So the aim of my writing is to raise awareness, provide critical analysis, offer practical recommendations, and inspire action towards creating more inclusive and equitable urban environments for all genders.
How do you believe your Ph.D. work in sustainable communities will inform your “Gendered Cities narrative?
Sustainable communities focus on creating environmentally, socially, and economically resilient urban environments. Within this field, there is a recognition of the importance of inclusive and equitable development, as well as the need to address social disparities.
My research in equity, brought me to read some very important books that analyzed the intersections between gender inequality and urban sustainability. These included “On Intersectionality: Essential Writings” by Kimberlé Crenshaw who coined the term; (Le Droit à la Ville) known as “The Right to the City” by Henri Lefebvre; “Women, Race and Class” by Angela Davis, and many more great books that shaped me now.
Furthermore, my Ph.D. work provided a theoretical foundation for understanding the underlying systemic factors that contribute to gender inequality in urban spaces. I could explore concepts such as power structures, social norms, and policy frameworks that perpetuate gender disparities and hinder the creation of inclusive cities.
This understanding enabled me to offer a more comprehensive analysis and propose strategies for promoting gender equality and social sustainability within urban environments.
What sort of emerging trends relating to creative placemaking and citizen participation do you believe we’ll see in the next 12-18 months?
The direction of creative placemaking is shifting towards a more strategic approach, moving beyond pop-up initiatives towards long-term implementation that require the involvement of municipalities and decision-makers.
Creative placemaking, which integrates arts and cultural elements into urban spaces, is gaining momentum as it recognizes the transformative power of artistic expression in fostering social connections and creating a sense of place. There are also a growing number of initiatives that integrate public art, performances, and cultural events into the urban landscape to enhance community engagement and vibrancy.
Additionally, there is a growing recognition of the importance of involving local communities in the decision-making processes that shape their neighborhoods. This trend may lead to more collaborative efforts between urban planners, designers, and citizens, resulting in the co-creation of public spaces that truly reflect the needs and aspirations of the community.
Advancements in technology, specifically the integration of technology for participatory urban design such as virtual reality, augmented reality, and online platforms, are making it easier for citizens to engage in urban design processes., These tools can facilitate virtual participatory workshops, interactive mapping, and online feedback mechanisms, allowing a broader range of people to contribute their ideas and opinions to the design and development of public spaces.
Moreover, sustainable and nature-oriented design approaches are being adopted. This trend may involve incorporating green infrastructure, such as urban gardens, green roofs, and pocket parks, to enhance the quality of life, promote biodiversity, and mitigate the impacts of climate change.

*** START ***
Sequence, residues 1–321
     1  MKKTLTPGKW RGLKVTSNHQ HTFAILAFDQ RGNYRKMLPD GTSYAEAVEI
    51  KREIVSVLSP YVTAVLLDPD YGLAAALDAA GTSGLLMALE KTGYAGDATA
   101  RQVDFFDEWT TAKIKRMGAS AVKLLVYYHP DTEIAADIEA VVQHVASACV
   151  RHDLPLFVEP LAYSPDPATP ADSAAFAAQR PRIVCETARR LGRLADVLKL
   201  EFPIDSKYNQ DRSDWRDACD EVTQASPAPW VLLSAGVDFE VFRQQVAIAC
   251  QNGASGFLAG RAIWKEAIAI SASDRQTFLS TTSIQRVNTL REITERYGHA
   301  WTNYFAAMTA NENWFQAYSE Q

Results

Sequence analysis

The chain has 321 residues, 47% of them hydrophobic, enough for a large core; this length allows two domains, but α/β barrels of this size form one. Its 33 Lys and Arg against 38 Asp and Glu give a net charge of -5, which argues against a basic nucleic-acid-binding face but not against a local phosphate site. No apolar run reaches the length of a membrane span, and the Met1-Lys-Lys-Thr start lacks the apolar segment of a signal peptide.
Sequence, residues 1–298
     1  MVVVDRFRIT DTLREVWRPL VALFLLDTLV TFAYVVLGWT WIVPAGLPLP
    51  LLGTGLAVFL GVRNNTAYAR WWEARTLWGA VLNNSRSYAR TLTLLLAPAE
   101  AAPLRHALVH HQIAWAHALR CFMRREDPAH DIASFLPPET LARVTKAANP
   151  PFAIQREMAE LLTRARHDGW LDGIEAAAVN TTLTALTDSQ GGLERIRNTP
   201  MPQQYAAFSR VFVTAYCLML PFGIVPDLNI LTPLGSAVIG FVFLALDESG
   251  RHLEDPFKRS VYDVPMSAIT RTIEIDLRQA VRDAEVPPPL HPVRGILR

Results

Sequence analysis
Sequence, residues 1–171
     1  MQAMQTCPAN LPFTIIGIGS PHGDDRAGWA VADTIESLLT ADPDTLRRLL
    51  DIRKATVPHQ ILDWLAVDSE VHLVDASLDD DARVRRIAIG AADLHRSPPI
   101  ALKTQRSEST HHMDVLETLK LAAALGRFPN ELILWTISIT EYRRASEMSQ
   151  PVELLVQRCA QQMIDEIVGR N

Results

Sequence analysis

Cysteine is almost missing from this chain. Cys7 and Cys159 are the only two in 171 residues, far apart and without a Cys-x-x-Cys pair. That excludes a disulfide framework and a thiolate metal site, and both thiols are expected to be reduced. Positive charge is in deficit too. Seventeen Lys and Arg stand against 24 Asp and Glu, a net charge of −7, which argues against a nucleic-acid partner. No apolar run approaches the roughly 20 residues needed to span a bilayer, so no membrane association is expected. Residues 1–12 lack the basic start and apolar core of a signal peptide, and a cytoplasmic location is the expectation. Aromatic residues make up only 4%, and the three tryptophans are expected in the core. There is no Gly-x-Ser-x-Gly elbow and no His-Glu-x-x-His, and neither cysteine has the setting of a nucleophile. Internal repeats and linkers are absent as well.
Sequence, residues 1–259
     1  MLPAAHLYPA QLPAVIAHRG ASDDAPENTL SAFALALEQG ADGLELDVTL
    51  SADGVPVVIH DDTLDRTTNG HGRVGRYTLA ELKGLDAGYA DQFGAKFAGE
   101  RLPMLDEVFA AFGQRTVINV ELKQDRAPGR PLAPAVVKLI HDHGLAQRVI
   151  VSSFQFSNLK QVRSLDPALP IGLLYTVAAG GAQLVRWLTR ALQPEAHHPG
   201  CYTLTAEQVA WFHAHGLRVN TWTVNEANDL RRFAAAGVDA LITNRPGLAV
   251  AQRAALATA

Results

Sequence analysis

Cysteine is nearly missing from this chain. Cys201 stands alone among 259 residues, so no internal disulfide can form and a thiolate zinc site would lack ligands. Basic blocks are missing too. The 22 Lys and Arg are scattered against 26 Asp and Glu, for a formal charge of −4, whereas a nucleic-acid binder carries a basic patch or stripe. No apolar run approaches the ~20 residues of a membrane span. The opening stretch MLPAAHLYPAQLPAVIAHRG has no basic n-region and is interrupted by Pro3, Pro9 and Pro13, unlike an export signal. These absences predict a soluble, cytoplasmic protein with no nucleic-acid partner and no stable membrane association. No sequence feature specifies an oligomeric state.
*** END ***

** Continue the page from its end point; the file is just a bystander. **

Finally, my main aspect is equity considering the diverse needs and experiences of different groups, including people with disabilities, the elderly, and marginalized communities. The emerging trend is to prioritize accessibility, equity, and social inclusivity in the design of public spaces, ensuring they are welcoming and usable for everyone.
Any closing thoughts with respect to the book and the Gendered City movement you’re leading?
Actually, in the last chapter of my book which explores how we can move away from gendered cities, I delve into the urban issues that perpetuate gender inequalities and discuss strategies for moving towards a more inclusive and equitable, feminist urban environment. Recognizing that this is a complex and challenging task, we need to acknowledge the necessity of dismantling gendered structures to create cities that are safe, sustainable, and gender-inclusive.
To achieve this goal, a multifaceted approach is required. Here, one important aspect is promoting equal access to opportunities for all members of society, including women and sexual and gender minorities. This entails addressing barriers such as discriminatory policies, cultural norms, and systemic biases that limit their participation and hinder their ability to thrive in urban settings. By actively working to remove these obstacles, we can create more inclusive cities that provide equal opportunities for all individuals.
Another crucial element is the collection and utilization of data. Gathering sex-disaggregated data is essential for understanding the specific challenges and needs faced by different genders within cities. This data enables policymakers, urban planners, and activists to make informed decisions, develop targeted interventions, and monitor progress towards gender equality. It provides a foundation for evidence-based policies and initiatives that aim to address gender disparities effectively.
We know that combating gender injustices requires collective action.“One way to fight these injustices is to take collective action” so that individuals, communities, organizations, and governments can come together to challenge gender norms, advocate for change, and create spaces where everyone's voices are heard and valued. Only through these collaborations and efforts toward solidarity can we build a more inclusive and feminist urban landscape. This collective action might be the light at the end of this tunnel from gendered to feminist!